The world of alternate history can sometimes be a very scary place. Among the more mundane scenarios in which David Steel (Google him) becomes Prime Minister or Stu Sutcliffe (Google him too) survives, there are buried a lot of post-apocalyptic tales that very nearly became true.
Playing very fondly with this nuclear fire is Wargame – the series of real-time strategy games that explore the standard ‘what if the Cold War escalated’ story with a particular focus on Europe. In the first game, you had to contend with a Soviet incursion into Western Europe, which one would have thought culminated with the nuclear bombing of several major capitals until you were thrust into the final campaign, a tale of a warlord trying to assemble a rag-tag army of remnant forces and finish off the great powers once and for all. In Wargame: Airland Battle, the story’s much the same, only it’s set in Scandinavia and you can call in planes. INNOVATION IS NICE.
Well, perhaps I’m being unkind. After all, they’ve added a Risk-style campaign map now that lets you deploy extra units to sectors where they’re needed, and you can hit enemy forces with special attacks before ever engaging them in combat. It can be particularly satisfying to send in a commando raid, then stomp all over the remnants of the enemy with your assembled armies – it’s like melting your little brother’s sandcastle with a hose before you go and stomp on it.
Still, there’s not enough to the command map to really make the whole endeavour worthwhile, and it would have been just as satisfying (and much faster paced) to simply have a series of battles as in European Escalation. The special moves make it eerily simple to use nuclear weapons too, which I wouldn’t mind but it doesn’t seem to have any discernable impact on terrain – even all the houses stay intact – and ultimately feels a lot less weightless as an attack than one might expect from a giant missile that can turn sand to glass.
The real meat of the game is its combat and in that respect it’s fun, but glacial and complicated. Starting from a single zone of control, you have to guard your command vehicles while simultaneously capturing other areas while battling the enemy, destroying their command vehicles, diverting their forces away from areas you’re trying to attack and, in my case, constantly having your helicopters shot down by infantry sheltered in buildings who you couldn’t see because your pilot apparently lacks eyes.
In addition, the campaign fights only allot you twenty minutes to fulfill your stated goal of points gained from destroying enemy units. While this may be adequate in the early stages, it’s an incredibly unfair system later on, because storming around an area the size of the Gobi desert attempting to locate one command vehicle hidden inside a bush is an exercise in frustration unrivalled by any game in existence. No matter how decisively you route the opposition, if they have three infantrymen remaining by the time the whistle blows, that’s a draw for you. Momentum lost, day wasted, campaign failed.
That is an awful way of arranging your combat, particularly in arenas as large as this one. It’s well and good having satisfying combat when things do get heated, but it feels as though one may as well not bother when half the games end in draws simply because it was impossible to locate the enemy. Moreover, continuing the battle another day puts you right back where you started, regardless of progress made or sectors captured.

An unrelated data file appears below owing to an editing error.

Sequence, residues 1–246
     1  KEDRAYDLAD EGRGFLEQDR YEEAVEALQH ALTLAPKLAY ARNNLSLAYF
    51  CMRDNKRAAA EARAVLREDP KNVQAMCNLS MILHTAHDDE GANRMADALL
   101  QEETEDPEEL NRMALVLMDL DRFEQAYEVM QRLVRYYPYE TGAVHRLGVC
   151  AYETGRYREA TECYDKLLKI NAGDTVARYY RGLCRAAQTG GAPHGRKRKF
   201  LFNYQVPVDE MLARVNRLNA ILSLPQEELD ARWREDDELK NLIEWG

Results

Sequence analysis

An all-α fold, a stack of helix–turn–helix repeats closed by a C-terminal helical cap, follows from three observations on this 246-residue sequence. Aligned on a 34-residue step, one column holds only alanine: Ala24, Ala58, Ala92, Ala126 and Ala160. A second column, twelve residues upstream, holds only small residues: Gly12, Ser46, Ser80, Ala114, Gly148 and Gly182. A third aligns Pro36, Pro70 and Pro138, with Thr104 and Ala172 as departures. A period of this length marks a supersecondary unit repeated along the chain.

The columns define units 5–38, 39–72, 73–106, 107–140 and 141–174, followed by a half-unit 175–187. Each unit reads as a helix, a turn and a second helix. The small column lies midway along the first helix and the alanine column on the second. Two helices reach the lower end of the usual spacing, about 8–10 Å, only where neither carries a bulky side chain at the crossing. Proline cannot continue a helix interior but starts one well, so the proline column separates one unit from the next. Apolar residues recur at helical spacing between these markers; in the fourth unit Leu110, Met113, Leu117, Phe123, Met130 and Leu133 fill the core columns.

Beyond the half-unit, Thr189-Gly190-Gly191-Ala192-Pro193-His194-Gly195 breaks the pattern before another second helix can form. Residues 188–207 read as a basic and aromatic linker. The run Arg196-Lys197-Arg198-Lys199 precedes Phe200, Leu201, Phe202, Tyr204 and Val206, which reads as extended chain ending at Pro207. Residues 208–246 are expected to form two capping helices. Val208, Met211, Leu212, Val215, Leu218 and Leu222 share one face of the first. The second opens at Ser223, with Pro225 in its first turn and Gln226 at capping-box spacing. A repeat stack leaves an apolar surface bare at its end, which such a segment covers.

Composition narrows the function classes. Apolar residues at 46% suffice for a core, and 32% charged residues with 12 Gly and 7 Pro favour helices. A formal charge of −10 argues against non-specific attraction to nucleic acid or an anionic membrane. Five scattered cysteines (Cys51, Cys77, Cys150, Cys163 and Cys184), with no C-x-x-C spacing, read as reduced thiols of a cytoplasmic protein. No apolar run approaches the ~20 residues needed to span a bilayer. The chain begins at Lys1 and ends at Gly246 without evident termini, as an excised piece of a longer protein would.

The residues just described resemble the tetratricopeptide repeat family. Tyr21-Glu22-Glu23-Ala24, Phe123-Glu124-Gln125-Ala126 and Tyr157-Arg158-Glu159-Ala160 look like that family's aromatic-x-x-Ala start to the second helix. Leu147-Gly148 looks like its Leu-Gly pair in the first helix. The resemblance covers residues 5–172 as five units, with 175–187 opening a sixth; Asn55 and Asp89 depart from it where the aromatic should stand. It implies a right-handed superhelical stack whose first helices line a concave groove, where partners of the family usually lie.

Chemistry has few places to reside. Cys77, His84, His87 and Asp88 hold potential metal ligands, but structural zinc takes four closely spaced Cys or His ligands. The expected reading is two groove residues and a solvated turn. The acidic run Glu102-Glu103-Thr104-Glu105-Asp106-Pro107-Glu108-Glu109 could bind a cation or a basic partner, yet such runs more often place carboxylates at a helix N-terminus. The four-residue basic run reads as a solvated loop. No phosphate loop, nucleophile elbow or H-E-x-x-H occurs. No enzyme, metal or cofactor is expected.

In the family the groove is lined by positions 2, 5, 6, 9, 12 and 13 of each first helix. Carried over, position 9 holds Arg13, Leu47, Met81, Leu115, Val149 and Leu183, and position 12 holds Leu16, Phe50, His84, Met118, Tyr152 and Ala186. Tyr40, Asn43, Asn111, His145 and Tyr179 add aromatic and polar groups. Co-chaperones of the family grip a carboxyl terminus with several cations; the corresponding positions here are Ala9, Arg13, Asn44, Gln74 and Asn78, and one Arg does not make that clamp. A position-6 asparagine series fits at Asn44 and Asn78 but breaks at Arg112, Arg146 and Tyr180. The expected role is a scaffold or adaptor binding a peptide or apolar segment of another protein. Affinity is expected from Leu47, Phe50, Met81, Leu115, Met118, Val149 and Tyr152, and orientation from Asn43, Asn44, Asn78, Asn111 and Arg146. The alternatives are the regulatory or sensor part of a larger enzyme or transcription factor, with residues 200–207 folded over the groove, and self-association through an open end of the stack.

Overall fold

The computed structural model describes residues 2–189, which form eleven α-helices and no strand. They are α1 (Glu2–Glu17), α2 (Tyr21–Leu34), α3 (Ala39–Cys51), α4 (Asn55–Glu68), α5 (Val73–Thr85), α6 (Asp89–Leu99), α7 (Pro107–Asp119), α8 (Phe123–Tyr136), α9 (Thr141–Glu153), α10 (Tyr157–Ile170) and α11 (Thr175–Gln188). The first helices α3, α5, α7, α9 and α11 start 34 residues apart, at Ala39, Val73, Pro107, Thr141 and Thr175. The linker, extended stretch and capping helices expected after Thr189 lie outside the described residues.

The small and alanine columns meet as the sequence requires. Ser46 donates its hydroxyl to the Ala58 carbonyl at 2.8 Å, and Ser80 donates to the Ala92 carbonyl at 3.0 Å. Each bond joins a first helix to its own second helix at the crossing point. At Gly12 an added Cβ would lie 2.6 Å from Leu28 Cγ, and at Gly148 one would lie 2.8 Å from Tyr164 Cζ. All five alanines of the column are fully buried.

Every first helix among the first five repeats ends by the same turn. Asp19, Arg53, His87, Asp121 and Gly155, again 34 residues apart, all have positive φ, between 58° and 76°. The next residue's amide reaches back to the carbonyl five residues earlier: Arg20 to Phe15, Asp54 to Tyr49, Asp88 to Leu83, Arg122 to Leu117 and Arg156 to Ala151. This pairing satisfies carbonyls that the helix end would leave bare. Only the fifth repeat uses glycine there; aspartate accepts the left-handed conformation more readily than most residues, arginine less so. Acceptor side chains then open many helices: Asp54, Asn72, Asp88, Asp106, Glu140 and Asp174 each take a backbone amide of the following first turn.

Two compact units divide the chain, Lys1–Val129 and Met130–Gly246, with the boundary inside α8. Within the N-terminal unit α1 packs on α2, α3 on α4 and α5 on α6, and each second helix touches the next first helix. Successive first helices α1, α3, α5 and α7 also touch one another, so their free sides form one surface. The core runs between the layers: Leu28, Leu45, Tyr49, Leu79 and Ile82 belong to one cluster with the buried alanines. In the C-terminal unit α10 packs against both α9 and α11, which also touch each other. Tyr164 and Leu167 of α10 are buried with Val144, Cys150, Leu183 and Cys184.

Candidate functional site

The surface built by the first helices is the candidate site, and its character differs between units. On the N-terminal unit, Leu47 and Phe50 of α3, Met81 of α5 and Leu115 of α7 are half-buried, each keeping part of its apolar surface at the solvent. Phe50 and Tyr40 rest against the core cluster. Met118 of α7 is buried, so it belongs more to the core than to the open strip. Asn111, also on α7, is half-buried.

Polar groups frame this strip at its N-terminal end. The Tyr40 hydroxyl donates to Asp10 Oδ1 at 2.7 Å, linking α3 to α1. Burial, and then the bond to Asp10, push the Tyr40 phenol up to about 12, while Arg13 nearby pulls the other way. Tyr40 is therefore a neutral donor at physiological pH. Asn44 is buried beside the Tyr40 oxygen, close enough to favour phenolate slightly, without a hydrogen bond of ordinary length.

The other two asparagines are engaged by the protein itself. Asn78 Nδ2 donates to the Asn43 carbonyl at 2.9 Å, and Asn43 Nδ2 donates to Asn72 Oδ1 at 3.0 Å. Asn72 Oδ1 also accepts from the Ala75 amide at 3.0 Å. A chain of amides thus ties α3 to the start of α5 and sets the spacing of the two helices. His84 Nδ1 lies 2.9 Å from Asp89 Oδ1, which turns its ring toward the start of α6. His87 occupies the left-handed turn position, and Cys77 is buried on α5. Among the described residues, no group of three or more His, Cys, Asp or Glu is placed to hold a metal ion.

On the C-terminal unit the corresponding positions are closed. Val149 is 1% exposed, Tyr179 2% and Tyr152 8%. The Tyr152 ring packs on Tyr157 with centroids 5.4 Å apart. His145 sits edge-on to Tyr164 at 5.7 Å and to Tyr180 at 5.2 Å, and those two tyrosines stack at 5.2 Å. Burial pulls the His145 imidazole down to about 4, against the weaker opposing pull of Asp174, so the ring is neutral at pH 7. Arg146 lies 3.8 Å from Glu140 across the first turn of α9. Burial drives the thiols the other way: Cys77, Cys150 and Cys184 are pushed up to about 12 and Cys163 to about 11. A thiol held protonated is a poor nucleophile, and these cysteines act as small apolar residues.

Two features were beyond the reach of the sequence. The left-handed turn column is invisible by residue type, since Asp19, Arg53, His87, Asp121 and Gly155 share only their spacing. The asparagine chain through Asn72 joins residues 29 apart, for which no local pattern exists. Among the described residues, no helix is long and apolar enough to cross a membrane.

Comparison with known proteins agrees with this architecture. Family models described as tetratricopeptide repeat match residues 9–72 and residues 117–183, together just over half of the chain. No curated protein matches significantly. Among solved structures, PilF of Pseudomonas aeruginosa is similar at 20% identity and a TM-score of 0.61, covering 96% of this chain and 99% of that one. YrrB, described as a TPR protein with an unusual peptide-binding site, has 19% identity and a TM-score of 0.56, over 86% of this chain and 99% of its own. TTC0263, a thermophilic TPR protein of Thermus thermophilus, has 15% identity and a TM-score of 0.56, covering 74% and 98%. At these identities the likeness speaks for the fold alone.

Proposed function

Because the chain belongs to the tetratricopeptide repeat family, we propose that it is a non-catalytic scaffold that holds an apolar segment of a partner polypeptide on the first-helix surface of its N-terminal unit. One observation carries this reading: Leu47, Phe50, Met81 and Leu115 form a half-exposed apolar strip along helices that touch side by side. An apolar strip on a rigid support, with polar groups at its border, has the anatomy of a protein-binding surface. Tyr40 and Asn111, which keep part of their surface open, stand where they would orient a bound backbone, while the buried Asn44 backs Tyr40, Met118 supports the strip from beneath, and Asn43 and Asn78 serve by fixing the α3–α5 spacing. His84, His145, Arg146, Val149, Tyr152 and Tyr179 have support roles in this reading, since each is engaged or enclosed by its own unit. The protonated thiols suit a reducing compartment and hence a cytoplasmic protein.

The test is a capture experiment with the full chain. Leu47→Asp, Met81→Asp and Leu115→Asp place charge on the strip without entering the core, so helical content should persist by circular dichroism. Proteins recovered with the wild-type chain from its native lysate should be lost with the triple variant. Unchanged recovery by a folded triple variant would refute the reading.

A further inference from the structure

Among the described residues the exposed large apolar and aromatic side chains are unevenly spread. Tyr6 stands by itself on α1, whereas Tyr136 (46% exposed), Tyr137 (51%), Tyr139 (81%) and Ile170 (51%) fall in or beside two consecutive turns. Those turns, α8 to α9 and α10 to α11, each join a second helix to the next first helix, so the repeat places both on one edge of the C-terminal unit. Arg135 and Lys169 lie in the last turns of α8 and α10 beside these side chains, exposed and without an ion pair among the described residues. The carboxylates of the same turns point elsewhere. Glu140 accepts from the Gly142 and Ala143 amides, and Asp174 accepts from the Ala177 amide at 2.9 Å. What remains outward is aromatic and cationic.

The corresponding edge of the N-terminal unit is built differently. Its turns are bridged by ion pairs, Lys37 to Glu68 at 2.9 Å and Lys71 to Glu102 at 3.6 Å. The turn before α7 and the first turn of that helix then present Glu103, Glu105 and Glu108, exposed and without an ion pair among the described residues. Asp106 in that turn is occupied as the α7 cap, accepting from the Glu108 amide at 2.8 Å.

To rub rock salt into that particular weeping sore, the amount of points needed to win increases for each subsequent day and the number of points given for purchasing units declines, making it virtually impossible to succeed after too long. Perhaps I’m just terrible at the game, but it is not my fault that the developers seem to have made this as user-unfriendly as possible in order to appeal to the kind of tiresome bore who sees console gaming as some sort of hate crime and wishes everything in real life came with breast size sliders.
I tried playing a few of the skirmish matches against the AI, and had a much more fun time once I gave both sides a decent number of unit points and removed the time limit from the whole affair. It makes you feel like a masterful tactician when you pin down your enemy under artillery fire and helicopter rockets while your tanks swarm in from the flanks, just as it makes you feel like a chump when you fall prey to a devastating ambush.
In short, when you remove the endless faffing around, you can actually have a fun time, in huge maps that allow for plenty of emergent gameplay based on your own interpretations of the mechanics. It doesn’t hurt that the whole thing is bloody gorgeous, with sprawling scenery and realistic particle and lighting effects that make the whole thing look like a war movie if you shift the camera around right.
For those things Wargame: AirLand Battle gets right – its fun combat, its presentational style, its wide variety of units – there are two more, like its tedious map view or impenetrable interface, which detract from the experience altogether. Combining this game engine with a more arcade-style, combat focused brand of gameplay and letting up on the fog of war would be a must-have combination. As it is, it’s merely an encouraging sign of a game that needs work, but with good things yet to come. 73%